From 17 September to 20 September, the Polish Armies Kraków and Lublin were crippled at the Battle of Tomaszów Lubelski, the second largest battle of the campaign. Oksywie garrison held until 19 September. Polish gained victory at the battle of Szack, and the Red Army reached the line of rivers Narew, Bug, Vistula and San by September 28, in many cases meeting German units advancing from the other side. The last operational unit of the Polish Army, General Franciszek Kleeberg's Samodzielna Grupa Operacyjna "Polesie", capitulated after the 4-day Battle of Kock near Lublin on 6 October, marking the end of the September Campaign.

Adolf Hitler had argued in Mein Kampf of the necessity of acquiring new territory for German settlement (Lebensraum) in Eastern Europe. However these plans were delayed through the period of the Phoney War, followed by the Nazi invasions of Norway, France and Benelux, Denmark, and the failed Battle of Britain.

Polish citizens took an active part in the Soviet partisan movement in the occupied territory of the former USSR. 2,500 Polish citizens took part in the Soviet partisan movement in the territory of the Belorussian SSR,[3] of which 703 were awarded with Soviet state awards[4] A further 2000 Polish citizens took part in the Soviet partisan movement on the territory of the USSR.[5]

June 1941 – September 1941[edit]

At 04:45 on 22 June 1941, four million German soldiers, to be joined by Italian, Romanian and other Axis troops over the following weeks, burst over the borders and stormed into the Soviet Union, including the Byelorussian SSR. For a month the offensive was completely unstoppable north of the Pribjet marshes, as the Panzer forces encircled hundreds of thousands of Soviet troops in huge pockets that were then reduced by slower-moving infantry divisions while the panzers charged on, following the Blitzkrieg doctrine.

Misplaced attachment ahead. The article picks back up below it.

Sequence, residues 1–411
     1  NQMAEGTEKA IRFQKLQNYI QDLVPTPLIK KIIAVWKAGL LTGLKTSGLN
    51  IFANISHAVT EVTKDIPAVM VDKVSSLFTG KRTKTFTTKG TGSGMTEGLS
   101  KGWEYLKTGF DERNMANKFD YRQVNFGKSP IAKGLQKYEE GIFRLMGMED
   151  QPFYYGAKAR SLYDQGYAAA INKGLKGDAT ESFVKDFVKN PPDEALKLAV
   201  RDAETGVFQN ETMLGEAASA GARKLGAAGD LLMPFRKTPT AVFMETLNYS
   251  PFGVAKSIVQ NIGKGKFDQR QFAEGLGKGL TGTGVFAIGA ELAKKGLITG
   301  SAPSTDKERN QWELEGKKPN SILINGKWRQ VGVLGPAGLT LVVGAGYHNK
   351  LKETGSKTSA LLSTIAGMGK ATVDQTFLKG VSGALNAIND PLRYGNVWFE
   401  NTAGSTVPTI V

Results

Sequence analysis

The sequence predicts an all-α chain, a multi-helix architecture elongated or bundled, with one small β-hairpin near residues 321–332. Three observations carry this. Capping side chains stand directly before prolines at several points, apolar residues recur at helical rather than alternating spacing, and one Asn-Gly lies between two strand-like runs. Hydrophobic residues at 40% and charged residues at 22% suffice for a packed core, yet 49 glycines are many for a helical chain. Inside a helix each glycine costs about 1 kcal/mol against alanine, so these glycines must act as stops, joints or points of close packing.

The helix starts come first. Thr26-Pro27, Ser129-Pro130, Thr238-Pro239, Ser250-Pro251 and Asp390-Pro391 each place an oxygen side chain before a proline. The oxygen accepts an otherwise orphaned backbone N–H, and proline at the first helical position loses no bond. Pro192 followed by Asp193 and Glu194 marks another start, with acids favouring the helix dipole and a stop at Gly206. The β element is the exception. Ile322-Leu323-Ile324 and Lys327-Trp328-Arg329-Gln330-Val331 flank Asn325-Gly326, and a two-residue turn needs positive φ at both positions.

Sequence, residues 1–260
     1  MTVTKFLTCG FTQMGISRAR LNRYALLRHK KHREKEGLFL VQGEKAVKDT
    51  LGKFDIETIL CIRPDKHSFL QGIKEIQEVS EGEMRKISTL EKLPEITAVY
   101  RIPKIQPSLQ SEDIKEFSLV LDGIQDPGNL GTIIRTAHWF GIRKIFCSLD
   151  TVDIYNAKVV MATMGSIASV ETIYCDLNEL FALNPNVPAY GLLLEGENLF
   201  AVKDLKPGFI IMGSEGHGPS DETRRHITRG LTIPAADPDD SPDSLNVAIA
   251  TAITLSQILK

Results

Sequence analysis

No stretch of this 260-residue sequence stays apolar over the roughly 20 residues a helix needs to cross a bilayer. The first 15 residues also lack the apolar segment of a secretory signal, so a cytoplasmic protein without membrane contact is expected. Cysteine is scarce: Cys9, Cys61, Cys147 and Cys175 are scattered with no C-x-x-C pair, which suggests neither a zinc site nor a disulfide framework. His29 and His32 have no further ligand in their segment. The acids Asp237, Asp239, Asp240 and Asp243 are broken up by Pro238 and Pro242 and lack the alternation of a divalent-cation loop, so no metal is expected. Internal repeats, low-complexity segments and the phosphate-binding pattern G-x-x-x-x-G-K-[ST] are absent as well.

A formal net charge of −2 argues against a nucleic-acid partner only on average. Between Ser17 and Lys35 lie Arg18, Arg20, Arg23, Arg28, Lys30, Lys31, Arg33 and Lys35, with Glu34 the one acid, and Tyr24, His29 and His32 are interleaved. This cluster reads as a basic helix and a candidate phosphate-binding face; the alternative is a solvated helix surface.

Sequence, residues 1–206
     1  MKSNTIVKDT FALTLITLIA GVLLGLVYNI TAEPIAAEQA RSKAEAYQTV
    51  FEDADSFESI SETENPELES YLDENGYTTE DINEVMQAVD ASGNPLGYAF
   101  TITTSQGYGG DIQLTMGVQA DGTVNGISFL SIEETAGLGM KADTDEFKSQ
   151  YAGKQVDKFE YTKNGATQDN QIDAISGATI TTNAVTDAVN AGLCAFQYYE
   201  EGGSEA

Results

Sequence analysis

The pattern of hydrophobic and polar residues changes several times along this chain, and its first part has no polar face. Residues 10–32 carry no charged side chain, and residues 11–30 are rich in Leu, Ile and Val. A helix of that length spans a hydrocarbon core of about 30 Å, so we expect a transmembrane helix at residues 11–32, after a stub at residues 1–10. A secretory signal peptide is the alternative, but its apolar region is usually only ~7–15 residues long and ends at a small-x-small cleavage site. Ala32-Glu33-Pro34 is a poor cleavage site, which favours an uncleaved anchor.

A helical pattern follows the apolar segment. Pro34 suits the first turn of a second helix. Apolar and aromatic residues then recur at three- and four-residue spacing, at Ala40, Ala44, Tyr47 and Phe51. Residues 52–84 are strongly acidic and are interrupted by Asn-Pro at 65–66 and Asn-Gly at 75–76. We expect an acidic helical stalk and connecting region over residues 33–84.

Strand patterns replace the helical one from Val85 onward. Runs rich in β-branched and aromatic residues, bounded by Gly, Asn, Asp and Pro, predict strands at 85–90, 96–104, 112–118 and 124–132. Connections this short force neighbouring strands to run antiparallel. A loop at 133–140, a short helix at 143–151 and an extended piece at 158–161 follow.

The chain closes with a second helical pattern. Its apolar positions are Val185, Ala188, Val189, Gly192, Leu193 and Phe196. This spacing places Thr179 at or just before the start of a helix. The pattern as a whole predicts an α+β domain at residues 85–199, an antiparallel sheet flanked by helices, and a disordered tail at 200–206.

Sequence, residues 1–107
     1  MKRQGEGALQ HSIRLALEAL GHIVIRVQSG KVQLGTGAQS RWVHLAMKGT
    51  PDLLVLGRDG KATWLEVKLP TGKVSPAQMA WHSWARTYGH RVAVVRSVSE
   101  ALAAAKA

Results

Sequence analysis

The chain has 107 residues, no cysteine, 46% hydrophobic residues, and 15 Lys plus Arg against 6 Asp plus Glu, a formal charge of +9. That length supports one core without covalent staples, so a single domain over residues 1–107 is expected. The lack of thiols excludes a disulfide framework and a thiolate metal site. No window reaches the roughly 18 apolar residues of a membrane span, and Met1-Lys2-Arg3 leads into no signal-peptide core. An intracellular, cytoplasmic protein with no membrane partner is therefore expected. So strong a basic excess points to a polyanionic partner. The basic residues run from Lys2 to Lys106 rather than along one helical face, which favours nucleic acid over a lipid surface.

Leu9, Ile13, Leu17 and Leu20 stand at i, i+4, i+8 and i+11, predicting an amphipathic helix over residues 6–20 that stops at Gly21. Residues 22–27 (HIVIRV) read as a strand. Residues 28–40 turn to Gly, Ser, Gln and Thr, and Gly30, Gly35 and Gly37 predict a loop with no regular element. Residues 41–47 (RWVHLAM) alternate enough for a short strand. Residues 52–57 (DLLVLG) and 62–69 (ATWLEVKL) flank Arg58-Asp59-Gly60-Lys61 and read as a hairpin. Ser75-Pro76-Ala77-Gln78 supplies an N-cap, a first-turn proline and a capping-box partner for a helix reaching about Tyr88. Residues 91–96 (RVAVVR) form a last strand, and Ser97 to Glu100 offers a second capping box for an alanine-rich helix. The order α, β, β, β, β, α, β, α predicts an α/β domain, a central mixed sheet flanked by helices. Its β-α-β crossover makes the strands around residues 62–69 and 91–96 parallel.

Army Group Centre comprised two Panzer groups (2nd and 3rd), which rolled east from either side of Brest Litovsk and affected a double encirclement at Białystok and west of Minsk. They were followed by 2nd, 4th and 9th Armies. The combined Panzer force reached the Beresina River in just six days, 650 km (400 mi) from their start lines. The next objective was to cross the Dnieper river, which was accomplished by 11 July. Following that, their next target was Smolensk, which fell on 16 July, but the engagement in the Smolensk area blocked the German advance until mid-September, effectively disrupting the blitzkrieg.

Operation Barbarossa: the German invasion of the Soviet Union, 21 June 1941 to 5 December 1941
  to 9 July 1941
  to 1 September 1941
  to 9 September 1941
  to 5 December 1941

With the capture of Smolensk and the advance to the Luga river, Army Groups Centre and North had completed their first major objective: to get across and hold the "land bridge" between the Dvina and Dnieper.

The German generals argued for an immediate drive towards Moscow, but Hitler overruled them, citing the importance of Ukrainian grain and heavy industry if under German possession, not to mention the massing of Soviet reserves in the Gomel area between Army Group Centre's southern flanks and the bogged-down Army Group South to the south.

After a meeting held in Orsza between the head of the Army General Staff, General Halder, and the heads of three Army Groups and armies, it was decided to push forward to Moscow since it was better, as argued by head of Army Group Center, Field Marshal Fedor von Bock, for them to try their luck on the battlefield rather than just sit and wait while their opponent gathered more strength.